Tues. 5 July – European Commission proposal

In response to the Panama Papers revelations, the European Commission presented proposals to update EU rules aimed at preventing money laundering. Of the proposals, the most welcome is the creation of a public register of beneficial owners for companies and business-type trusts. There is still room for the Commission to be much bolder though, especially on ensuring concrete enforcement of the legislative obligations, and we are calling for stronger protection for the whistleblowers who bring scandals into the open. For a full run down of the proposals, see our recent web-article. 

Further information
Catherine Olier - Tax Justice Campaigner


Controversial EU-Canada trade deal ratification

Tues. 5 July – European Commission proposal

The EU Commission set out its proposal as to how the EU-Canada trade agreement (CETA) should be ratified. In a welcome move, the Commission backtracked on its plans to send CETA to Council as an "EU-only" deal, which would not require national parliaments to ratify the agreement. By-passing the democratic ratification process to fast-track the implementation of this highly controversial agreement would have been a scandal, and it is clear that public pressure has been instrumental in forcing this u-turn. The Greens/EFA group will continue to push for maximum democratic oversight and for the overall agreement to be rejected.

Further information
Simon McKeagney TTIP campaign


Frontex expansion poses serious concerns

Tues. 5 July – EP debate; vote Weds.

The European Parliament voted in favour of a proposal to create a new European border and coast guard, expanding on the current EU FRONTEX border agency. Green/EFA MEPs opposed the proposal, citing major fundamental rights concerns and the risk that Member States which do not want the agency’s involvement could be pressurised into accepting it under threat of the reintroduction of border checks in the Schengen area. In addition, the proposal enhances the prospect of participation in returns and missions in third countries, which raises further rights concerns.

Further information
Aleksejs Dimitrovs - Advisor on Legal Affairs, Civil Liberties, Justice and Home Affairs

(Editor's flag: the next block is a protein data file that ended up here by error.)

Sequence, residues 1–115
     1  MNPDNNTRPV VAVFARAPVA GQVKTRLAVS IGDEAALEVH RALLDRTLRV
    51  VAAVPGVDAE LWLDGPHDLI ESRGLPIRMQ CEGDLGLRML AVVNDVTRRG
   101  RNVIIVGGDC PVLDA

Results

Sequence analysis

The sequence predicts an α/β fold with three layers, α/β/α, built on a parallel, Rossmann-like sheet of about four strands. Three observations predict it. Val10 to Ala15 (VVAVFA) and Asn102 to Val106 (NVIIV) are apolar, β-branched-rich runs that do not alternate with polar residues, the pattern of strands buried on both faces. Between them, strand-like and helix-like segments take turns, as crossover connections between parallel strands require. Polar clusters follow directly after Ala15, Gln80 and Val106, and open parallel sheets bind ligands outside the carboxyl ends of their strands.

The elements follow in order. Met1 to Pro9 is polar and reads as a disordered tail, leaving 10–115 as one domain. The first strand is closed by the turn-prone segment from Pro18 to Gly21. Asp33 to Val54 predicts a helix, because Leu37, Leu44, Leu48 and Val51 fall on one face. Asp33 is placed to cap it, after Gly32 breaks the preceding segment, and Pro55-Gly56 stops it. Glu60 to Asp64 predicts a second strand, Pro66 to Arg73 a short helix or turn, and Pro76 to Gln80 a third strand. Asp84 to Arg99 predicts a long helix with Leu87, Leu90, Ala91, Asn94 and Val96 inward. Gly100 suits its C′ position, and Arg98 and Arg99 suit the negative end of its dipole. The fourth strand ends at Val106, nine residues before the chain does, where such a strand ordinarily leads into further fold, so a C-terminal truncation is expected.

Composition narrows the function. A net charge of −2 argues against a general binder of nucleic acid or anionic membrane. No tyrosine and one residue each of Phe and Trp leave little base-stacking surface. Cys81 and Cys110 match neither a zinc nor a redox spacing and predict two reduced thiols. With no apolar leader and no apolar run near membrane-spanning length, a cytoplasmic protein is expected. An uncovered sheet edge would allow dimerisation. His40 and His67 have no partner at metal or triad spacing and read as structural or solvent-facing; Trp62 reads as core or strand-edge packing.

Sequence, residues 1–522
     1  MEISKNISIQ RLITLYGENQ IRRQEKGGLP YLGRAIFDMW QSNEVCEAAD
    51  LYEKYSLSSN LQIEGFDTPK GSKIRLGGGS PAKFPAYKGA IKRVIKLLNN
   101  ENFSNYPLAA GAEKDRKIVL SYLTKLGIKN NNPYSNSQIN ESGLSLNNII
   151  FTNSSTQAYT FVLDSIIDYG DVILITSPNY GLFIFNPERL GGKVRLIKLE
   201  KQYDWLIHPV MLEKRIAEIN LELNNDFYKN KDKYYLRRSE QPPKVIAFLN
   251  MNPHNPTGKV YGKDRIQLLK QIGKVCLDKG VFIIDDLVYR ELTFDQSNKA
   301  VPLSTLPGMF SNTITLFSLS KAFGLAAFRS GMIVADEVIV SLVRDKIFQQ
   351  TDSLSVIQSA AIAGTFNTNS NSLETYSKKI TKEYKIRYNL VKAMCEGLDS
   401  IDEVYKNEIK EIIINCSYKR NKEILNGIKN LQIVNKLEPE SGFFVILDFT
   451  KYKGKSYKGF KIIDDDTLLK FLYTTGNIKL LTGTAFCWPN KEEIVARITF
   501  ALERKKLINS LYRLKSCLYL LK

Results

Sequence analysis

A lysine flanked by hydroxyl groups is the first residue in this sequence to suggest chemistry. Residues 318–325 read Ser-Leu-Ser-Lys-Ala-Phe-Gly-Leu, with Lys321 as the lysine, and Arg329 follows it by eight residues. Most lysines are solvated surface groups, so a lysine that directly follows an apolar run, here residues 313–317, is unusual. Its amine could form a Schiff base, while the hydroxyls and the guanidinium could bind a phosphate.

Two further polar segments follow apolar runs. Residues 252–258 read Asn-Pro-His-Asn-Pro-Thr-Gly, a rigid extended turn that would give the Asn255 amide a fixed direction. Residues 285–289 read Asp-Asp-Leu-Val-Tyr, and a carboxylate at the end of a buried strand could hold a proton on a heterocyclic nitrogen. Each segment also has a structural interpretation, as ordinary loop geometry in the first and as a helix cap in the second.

Whistleblower protection: EU rules badly needed

Weds. 6 July – EP debate

MEPs debated the question of whistleblower protection with the Commission, one week to the day after the Lux Leaks whistleblowers were given guilty verdicts. The Lux Leaks case yet again underlined the glaring need for common rules on whistleblower protection. Parliament has called on the EU Commission to propose EU legislation to this end on a number of occasions and there is a clear legal basis for such a framework under the EU Treaties. The Greens/EFA group has outlined a prototype for how such an EU law should look and we are now again urging the Commission to act on this and bring forward a proposal.

Further information
Pam Bartlett Quintanilla - Transparency and Democracy Campaigner


Tax evasion: conclusion of Lux Leaks investigation

Weds. 6 July – EP debate; vote Wedn.

The second phase of the EP’s inquiry into the ‘Lux Leaks’ tax avoidance scandal concluded with a report, adopted by parliament’s plenary. The report delivers a strong analysis of the problems, including a criticism of those member states that have blocked progress, and clear recommendations on what legislative and policy measures need to be taken. The “unfinished business” of the committee will be taken up by the EP’s Panama Papers inquiry. Disappointingly, conservative MEPs united to water down some elements of the draft report - see our web article for more information.

Further information
Catherine Olier - Tax Justice Campaigner


Greens/EFA motions for resolution 


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Next issue of Greens/EFA Plenary Round-up: 16 September 2016